The EpiDerm Skin Corrosion Test (EpiDerm SCT)

Helena Kandarova and Manfred Liebsch

The potential for chemical induced skin corrosion is an important consideration in establishing procedures for the safe handling, packing and transport of chemicals. Various systems for classification of corrosive potential are included in international regulatory requirements. The EpiDermTM Skin Corrosion Test (SCT) is based on the experience that corrosive chemicals are cytotoxic after a short-term exposure to the stratum corneum of the epidermis, if cytotoxicity is immediately determined after chemical exposure. It is designed to predict and classify skin corrosion potential of chemicals by using a three-dimensional human epidermis model EpiDermTM. The EpiDermTM SCT is able to reliably discriminate chemicals that are corrosive to skin from non-corrosive chemicals, and can therefore be used for the classification of skin corrosion hazard according to the UN Globally Harmonised System (GHS) for classification [1]. The EpiDermTM SCT with its modification of the Prediction model can be also used to distinguish between sub-categories of corrosivity [2–4]. The EpiDermTM SCT has been scientifically described for the first time by Perkins et al. [5], later on evaluated, optimized and in its final form validated by ZEBET at the BfR in the framework of ECVAM activities. In order to replace the skin corrosion test in animals, ECVAM has in the 1990s supported twice a formal validation study for predicting skin corrosion by alternative methods. The first validation study [6], conducted between 1995 and 1997, was performed with two commercially available in vitro test systems, the Skin2 ZK1350 and EPISKINTM and it also included two other methods CORROSITEX (analytical assay) and TER test (ex vivo method). The TER test [7] and both skin model assays have shown usefulness for corrosion testing, however of the skin model assays only EPISKINTM was considered as assay fully meeting the acceptance criteria set by the Management Team [8]. Unfortunately, the Skin2 model was withdrawn from the market very shortly after the ECVAM validation study without possibility of method optimization. Also, the commercial availability of EPISKINTM model (at that time belonging to SADUC-Biomatériaux Imedex, France) was restricted following the completion of the validation study. It was due to the transfer of the ownership of the EPISKINTM technology from Imedex to L’Oréal and construction of new production laboratories in Lyon-Gerlan. Due to the lack of commercial availability of the validated methods for the skin corrosion endpoint, ECVAM supported a catch-up validation study of the EpiDermTM SCT in 1998. The study was performed according to the ECVAM pre-validation scheme, to allow for refinement of the test protocol and the prediction model, as well as for independent assessment of the performance of the refined methodology in a final blind trial in three laboratories [9]. The validation study revealed that the EpiDermTM SCT protocol provided a highly balanced prediction of 88% sensitivity and 86% specificity, which was regarded as the best predictivity that an in vitro skin corrosivity test could be expected to achieve [9] taking into account the inherent variability of the in vivo reference test [6]. Based on the successful validation studies with EPISKINTM and EpiDermTM models [8, 10], in 2002 the National Coordinators of OECD Test Guideline Programme (WNT) endorsed New Draft Test Guidelines TG 431 (Human Skin Model) for In Vitro Skin Corrosion Testing which was originally adopted by the OECD in 2004 [4]. The EpiDermTM SOP has been successfully transferred to and validated with the SkinEthicTM RHE [11, 12] and EST-1000 [13, 14]. The two models, that underwent catch-up validation studies were also endorsed for skin corrosion testing and later on implemented into the OECD TG 431 [4]. The OECD TG 431 initially allowed only discrimination between corrosive and non-corrosive chemicals, however in light of the REACH and transport regulations, and after thorough analysis of all available data from EPISKINTM, EpiDermTM, SkinEthicTM and EST-1000 validation studies and new data generated by the skin models suppliers [3] the OECD updated the OECD TG 431 concerning sub-categorisation information of corrosives [4].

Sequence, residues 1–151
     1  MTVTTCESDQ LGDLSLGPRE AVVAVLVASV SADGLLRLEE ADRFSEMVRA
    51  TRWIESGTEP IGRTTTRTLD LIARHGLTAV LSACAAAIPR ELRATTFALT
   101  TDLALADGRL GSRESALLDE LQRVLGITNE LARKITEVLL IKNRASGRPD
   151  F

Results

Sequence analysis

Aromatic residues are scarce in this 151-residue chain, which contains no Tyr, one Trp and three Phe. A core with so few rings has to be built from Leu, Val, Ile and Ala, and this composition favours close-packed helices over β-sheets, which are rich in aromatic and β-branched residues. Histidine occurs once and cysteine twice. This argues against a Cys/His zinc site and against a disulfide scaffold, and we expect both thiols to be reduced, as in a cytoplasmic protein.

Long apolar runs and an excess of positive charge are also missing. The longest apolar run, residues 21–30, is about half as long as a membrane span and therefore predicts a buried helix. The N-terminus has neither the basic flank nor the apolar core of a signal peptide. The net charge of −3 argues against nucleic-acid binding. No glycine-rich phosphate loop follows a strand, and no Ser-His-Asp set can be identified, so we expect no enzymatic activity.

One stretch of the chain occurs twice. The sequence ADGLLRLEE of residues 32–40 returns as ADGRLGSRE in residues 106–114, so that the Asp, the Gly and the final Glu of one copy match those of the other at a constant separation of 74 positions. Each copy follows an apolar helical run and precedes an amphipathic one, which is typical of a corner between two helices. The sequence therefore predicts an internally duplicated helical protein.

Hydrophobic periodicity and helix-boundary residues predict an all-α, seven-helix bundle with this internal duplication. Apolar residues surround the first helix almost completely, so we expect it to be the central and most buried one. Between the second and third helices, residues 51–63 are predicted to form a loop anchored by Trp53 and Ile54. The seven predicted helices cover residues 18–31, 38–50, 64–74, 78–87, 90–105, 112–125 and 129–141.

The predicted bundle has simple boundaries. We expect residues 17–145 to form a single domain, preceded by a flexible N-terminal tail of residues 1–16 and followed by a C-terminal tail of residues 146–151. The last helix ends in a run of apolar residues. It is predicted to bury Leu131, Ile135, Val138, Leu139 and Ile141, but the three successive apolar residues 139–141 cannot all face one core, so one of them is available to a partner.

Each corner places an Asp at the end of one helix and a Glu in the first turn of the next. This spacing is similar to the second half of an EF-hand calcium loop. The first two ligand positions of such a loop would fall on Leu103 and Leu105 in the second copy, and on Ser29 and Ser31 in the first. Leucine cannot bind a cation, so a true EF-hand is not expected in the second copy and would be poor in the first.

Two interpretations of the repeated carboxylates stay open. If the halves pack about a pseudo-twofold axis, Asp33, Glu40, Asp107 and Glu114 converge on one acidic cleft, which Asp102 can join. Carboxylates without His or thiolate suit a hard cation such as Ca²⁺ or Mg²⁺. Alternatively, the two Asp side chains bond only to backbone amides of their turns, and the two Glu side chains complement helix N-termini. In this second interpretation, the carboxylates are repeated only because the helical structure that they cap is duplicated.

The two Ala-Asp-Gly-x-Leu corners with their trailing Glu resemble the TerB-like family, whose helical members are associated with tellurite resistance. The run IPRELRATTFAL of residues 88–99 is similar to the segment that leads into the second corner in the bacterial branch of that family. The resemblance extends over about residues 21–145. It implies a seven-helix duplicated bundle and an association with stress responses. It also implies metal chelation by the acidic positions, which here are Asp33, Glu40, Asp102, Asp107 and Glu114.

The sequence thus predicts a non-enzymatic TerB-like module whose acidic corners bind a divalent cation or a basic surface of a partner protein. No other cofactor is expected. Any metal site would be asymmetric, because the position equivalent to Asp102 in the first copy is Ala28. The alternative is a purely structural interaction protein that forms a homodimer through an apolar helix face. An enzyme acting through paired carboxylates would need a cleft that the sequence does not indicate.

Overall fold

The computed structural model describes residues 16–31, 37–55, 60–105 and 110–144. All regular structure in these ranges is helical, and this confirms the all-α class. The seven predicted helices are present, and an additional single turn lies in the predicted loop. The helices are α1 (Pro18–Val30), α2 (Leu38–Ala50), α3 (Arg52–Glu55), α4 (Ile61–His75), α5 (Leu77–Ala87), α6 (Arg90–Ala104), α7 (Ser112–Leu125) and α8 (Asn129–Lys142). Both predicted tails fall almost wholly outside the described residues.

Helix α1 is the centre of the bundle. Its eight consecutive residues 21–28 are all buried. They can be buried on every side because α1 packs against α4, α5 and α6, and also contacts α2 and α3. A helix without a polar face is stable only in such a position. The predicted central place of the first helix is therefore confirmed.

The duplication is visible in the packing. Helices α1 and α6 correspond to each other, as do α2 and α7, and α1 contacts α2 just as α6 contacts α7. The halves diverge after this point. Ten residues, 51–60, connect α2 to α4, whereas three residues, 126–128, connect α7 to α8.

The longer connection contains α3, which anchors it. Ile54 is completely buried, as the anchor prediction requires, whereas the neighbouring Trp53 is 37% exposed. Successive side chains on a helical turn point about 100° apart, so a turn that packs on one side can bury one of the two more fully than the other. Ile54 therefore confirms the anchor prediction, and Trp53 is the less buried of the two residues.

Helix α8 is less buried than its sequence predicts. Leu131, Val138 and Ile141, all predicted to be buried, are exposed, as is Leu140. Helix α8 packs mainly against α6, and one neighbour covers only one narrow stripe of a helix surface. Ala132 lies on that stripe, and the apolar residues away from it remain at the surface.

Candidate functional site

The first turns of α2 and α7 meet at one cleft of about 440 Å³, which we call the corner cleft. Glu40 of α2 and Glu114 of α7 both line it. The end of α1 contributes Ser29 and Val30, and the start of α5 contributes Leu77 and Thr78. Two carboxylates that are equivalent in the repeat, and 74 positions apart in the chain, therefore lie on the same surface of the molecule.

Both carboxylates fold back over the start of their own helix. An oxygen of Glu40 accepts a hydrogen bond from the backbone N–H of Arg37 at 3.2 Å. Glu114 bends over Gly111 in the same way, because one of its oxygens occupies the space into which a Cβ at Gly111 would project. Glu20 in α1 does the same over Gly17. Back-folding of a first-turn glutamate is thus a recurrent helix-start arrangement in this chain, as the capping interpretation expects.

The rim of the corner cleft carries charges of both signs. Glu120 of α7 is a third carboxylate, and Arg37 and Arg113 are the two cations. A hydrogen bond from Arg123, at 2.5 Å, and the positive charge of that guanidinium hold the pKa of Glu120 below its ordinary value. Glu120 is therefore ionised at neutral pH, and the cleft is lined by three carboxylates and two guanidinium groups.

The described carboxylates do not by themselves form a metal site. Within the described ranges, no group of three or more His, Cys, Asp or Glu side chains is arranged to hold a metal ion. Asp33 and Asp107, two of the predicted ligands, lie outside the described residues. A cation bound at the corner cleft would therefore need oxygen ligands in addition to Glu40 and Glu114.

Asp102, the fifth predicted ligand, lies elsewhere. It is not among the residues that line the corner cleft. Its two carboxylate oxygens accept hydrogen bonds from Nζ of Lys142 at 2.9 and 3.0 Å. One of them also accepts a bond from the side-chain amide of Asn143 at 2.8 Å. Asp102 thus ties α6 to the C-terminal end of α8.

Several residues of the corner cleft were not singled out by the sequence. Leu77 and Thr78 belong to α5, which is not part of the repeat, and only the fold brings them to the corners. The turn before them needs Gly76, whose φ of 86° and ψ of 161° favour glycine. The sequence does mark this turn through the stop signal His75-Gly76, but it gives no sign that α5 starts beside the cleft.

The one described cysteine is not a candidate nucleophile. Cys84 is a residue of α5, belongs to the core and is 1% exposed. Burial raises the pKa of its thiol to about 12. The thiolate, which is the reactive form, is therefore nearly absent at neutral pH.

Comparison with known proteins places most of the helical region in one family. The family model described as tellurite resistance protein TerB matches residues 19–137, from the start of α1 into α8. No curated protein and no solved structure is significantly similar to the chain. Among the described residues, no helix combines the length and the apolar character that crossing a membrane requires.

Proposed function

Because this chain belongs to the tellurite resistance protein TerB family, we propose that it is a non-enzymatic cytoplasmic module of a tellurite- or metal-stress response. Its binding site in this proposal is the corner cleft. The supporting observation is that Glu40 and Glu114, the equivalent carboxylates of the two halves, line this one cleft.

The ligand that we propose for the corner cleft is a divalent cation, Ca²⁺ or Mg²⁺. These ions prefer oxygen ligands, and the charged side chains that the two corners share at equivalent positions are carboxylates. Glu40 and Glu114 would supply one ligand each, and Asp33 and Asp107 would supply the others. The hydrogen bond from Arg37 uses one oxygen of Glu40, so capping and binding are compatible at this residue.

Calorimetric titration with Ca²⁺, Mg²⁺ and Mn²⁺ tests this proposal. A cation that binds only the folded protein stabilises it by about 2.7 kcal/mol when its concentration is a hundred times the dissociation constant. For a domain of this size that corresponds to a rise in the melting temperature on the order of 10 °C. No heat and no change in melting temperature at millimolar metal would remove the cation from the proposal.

EpiDerm Skin Corrosion Test, GHS sub-categories, Sub-categorization, Inter-laboratory reproducibility, OECD TG 431

Materials Tested

Potassium Hydroxide (8N)

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